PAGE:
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What kind of solar eclipse glasses do I need?

When buying solar eclipse glasses, there is one marking you should look for to ensure the glasses are safe.
What kind of solar eclipse glasses do I need?
Posted at 12:09 PM, Mar 13, 2024
and last updated 2024-03-13 14:10:03-04

Nearly 31 million Americans will be in the path of a total solar eclipse on April 8, with almost all of the rest of the country able to witness a partial solar eclipse. 

Except for several minutes during totality, wearing special glasses is necessary for viewing the eclipse. 

Staring at a solar eclipse not in totality could cause damage to the eye, NASA said. Regular sunglasses also are insufficient for looking at solar eclipses. 

NASA said solar eclipse glasses should be marked with ISO 12312-2 on them to confirm they are safe for usage during a solar eclipse. 

American Paper Optics CEO John Jerit said in a late 2023 interview with Scripps News the solar eclipse glasses his company makes are ISO 12312-2 certified. 

"It means that we've sent it to a lab, we had the filters checked, the construction checked on it and we have a certificate saying that the glasses are safe and have been manufactured safely," Jerit said.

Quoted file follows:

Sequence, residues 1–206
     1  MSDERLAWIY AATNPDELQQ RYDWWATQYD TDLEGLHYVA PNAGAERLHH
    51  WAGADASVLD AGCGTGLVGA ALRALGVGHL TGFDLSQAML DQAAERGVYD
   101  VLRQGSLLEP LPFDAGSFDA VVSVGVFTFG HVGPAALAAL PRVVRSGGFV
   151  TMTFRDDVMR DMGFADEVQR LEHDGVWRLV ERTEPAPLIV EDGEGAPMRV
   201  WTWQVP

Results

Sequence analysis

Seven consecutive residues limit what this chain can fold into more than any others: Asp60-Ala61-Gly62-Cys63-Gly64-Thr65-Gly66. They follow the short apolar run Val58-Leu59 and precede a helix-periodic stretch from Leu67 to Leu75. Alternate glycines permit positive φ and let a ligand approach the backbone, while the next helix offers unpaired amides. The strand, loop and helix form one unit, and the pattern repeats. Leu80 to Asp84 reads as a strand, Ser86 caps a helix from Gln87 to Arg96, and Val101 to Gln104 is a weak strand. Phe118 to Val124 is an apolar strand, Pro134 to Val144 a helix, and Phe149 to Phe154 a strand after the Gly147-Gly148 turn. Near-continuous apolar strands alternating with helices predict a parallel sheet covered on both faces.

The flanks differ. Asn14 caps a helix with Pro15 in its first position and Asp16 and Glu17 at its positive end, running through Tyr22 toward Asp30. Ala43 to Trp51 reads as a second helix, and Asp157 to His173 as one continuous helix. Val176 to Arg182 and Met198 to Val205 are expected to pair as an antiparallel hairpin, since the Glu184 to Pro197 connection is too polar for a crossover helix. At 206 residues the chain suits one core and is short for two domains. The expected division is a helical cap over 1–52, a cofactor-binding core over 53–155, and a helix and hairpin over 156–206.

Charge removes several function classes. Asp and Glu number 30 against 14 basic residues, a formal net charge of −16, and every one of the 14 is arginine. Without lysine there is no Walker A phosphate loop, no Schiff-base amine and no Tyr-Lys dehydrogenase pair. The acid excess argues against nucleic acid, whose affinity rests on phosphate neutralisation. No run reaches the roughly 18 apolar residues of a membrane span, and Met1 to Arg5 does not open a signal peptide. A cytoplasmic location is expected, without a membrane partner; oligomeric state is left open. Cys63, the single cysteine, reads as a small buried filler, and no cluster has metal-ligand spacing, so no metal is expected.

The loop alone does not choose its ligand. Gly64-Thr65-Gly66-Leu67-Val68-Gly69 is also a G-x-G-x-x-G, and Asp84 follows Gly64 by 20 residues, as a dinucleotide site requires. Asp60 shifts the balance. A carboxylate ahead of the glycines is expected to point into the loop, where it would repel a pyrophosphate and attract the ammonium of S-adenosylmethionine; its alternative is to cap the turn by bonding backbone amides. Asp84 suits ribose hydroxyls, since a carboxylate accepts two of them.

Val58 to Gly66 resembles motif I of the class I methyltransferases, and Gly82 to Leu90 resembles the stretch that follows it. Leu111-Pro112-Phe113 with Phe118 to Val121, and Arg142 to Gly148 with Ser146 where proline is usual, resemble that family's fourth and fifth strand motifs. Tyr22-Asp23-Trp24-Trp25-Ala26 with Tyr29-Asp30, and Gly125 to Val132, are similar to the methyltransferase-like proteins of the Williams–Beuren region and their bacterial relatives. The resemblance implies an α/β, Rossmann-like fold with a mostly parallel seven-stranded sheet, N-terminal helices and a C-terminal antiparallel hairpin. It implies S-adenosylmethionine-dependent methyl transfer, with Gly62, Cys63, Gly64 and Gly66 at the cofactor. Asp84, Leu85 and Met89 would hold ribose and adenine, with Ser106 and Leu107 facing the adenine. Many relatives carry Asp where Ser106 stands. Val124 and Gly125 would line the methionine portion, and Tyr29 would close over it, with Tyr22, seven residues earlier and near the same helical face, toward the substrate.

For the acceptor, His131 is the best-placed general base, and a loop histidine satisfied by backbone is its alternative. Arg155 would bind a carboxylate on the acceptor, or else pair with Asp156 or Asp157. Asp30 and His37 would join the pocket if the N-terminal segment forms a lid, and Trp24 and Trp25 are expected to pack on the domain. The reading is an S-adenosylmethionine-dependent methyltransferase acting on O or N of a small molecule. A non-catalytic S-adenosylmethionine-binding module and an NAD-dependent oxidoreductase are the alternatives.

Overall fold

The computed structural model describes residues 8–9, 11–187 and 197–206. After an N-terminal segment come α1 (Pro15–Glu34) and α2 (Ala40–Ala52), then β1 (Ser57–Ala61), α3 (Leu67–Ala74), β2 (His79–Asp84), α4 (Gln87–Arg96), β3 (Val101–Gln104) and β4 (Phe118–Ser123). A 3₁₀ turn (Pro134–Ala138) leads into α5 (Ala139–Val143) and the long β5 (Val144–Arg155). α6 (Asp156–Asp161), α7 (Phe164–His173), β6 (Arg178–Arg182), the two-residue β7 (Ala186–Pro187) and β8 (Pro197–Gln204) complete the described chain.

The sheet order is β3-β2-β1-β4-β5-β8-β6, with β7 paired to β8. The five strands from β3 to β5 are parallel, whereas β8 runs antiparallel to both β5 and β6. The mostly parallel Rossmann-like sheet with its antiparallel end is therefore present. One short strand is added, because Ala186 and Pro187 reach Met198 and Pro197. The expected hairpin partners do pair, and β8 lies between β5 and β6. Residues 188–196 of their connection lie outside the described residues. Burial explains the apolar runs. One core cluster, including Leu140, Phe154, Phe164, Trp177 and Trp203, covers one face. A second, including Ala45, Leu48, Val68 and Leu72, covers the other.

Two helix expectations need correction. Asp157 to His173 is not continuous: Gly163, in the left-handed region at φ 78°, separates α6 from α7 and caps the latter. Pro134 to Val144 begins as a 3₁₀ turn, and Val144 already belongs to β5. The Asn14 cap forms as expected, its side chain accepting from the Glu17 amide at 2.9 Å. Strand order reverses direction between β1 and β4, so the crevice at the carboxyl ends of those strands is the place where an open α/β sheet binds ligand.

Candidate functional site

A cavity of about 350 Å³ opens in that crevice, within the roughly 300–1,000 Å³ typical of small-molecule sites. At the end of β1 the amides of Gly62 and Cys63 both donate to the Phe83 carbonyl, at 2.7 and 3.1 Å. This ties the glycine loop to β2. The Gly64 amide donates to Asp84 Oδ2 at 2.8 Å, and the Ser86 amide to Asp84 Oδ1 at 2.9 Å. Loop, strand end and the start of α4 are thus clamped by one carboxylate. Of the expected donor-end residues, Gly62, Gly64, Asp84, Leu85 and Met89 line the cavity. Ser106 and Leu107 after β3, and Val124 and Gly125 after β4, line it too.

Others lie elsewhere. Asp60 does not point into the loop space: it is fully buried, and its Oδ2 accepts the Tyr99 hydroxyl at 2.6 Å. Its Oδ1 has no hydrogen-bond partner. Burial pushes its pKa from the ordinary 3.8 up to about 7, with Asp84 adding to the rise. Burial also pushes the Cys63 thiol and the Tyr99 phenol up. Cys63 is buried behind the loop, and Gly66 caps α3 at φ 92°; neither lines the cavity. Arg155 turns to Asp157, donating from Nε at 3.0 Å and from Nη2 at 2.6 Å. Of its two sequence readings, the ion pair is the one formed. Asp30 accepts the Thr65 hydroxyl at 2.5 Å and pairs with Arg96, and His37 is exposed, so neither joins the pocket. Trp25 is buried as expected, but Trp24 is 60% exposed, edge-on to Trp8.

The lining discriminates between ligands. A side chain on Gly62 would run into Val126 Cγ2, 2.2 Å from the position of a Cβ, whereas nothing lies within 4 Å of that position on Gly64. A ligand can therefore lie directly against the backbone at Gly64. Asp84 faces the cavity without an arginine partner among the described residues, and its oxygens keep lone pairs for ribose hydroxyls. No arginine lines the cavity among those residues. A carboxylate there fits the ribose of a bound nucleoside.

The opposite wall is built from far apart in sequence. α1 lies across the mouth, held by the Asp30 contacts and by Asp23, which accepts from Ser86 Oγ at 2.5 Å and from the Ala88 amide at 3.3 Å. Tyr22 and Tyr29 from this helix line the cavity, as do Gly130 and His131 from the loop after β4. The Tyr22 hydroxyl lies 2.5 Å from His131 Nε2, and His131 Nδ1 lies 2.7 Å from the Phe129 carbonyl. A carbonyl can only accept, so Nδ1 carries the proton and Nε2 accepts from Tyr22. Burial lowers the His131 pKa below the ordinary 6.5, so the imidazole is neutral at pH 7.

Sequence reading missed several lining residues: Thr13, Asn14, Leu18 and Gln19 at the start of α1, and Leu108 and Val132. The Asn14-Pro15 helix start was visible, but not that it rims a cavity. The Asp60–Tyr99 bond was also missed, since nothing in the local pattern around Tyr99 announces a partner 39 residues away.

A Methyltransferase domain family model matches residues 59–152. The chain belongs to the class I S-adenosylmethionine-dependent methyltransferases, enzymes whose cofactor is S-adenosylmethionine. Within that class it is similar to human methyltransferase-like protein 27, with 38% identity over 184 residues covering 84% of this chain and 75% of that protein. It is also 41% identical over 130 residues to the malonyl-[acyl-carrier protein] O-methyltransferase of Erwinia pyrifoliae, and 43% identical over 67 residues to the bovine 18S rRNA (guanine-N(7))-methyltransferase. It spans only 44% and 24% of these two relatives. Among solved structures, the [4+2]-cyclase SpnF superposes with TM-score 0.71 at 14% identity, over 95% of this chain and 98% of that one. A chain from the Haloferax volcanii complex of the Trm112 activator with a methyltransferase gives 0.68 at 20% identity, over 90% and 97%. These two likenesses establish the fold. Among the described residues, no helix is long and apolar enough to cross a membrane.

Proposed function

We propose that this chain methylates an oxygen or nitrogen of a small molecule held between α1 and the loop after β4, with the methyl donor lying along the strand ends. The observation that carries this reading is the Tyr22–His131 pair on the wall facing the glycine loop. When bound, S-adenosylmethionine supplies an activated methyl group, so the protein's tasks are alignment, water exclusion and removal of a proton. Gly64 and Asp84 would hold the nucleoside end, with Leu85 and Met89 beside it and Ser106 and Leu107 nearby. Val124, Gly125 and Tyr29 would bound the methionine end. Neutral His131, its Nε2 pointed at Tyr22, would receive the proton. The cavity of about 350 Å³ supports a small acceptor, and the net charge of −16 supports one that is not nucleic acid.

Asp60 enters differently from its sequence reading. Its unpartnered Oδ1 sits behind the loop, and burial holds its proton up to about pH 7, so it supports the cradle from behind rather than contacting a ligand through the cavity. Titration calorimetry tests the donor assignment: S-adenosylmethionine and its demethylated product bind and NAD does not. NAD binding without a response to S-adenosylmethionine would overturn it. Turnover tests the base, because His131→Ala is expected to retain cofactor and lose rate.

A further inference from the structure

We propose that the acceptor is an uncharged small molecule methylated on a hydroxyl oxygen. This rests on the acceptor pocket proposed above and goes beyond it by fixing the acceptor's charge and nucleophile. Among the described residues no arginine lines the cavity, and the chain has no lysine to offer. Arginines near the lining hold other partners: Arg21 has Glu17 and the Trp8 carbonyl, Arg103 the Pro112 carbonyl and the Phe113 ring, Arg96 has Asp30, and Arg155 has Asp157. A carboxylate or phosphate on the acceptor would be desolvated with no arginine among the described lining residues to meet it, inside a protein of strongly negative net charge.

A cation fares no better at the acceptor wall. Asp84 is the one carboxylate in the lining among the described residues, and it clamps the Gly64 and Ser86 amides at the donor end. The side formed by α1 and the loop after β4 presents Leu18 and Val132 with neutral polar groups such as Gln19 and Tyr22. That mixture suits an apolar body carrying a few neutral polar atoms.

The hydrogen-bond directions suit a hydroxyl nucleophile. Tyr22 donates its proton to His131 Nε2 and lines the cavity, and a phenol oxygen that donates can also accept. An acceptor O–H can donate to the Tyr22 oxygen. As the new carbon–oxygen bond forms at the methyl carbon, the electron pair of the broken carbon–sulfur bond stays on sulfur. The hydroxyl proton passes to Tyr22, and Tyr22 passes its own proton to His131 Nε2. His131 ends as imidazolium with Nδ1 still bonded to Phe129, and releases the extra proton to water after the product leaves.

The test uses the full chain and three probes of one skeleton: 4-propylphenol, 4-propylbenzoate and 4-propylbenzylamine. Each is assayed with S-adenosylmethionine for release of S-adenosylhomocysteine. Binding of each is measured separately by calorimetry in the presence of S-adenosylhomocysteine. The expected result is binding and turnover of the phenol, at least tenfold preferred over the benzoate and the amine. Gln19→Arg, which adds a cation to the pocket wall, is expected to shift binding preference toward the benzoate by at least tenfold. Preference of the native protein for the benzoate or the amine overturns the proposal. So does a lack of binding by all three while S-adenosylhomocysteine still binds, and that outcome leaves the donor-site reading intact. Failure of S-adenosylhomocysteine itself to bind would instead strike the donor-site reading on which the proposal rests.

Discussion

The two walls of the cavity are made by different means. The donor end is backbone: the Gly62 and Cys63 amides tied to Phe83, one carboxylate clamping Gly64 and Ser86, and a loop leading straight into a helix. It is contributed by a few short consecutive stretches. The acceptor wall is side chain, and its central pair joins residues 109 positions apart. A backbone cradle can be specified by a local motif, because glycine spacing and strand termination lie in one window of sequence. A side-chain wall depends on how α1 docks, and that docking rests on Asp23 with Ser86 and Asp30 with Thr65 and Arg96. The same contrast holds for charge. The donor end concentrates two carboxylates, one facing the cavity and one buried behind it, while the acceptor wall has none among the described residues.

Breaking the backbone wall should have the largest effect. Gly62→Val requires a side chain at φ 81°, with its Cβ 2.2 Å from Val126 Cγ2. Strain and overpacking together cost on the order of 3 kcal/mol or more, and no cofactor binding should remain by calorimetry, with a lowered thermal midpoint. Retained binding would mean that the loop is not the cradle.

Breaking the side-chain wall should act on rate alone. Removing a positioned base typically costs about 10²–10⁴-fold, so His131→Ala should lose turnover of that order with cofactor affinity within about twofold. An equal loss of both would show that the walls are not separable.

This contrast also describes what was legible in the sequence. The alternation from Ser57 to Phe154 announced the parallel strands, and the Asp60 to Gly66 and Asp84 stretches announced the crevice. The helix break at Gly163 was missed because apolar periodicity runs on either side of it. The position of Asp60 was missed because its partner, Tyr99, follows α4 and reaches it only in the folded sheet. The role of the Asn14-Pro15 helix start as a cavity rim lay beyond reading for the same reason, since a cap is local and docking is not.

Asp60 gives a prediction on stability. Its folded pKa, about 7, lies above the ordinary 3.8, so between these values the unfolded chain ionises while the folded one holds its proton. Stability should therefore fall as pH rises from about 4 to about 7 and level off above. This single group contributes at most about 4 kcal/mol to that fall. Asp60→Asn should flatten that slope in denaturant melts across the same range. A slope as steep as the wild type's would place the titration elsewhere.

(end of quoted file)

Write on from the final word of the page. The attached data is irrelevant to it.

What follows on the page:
SEE MORE: Eclipse chaser reveals where he'll view April 8 total solar eclipse

He said the back of his glasses have safety instructions on them for users. 

"The ISO standard deals with the amount of blockage that these filters do, and it's a black polymer with a silver coating on it," he said. "So they block harmful ultraviolet and infrared rays so that you can safely look at the sun."

While on a global scale, eclipses like next month's event are not rare, a solar eclipse is not a sight we get to see in our own backyard too often. Next month's eclipse is just the second total solar eclipse to be visible in the U.S. in the last 45 years. 

The next total solar eclipse visible in the U.S. after next month won't be until 2045. 

While it may seem like you're purchasing glasses for a one-time event, there is a decent chance you can use the glasses again. 

A partial solar eclipse will be visible again in 2026 for much of the northern U.S. There will also be solar eclipses visible in the U.S. in 2028 and 2029. 

While it used to be said that eclipse glasses had a three-year lifespan, NASA said solar glasses that are well preserved and without scratches can be reused indefinitely. 

For April's total solar eclipse, the sun will be completely covered by the moon. Residents along a 100-mile-wide swath from the Texas/Mexico border all the way up to Maine can see the total solar eclipse — weather pending, of course.


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